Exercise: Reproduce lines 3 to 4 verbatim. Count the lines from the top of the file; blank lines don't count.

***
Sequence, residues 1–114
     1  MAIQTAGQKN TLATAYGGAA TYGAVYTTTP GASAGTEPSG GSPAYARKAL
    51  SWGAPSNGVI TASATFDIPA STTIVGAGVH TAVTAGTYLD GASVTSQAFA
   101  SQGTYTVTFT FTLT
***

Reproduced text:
    51  SWGAPSNGVI TASATFDIPA STTIVGAGVH TAVTAGTYLD GASVTSQAFA
   101  SQGTYTVTFT FTLT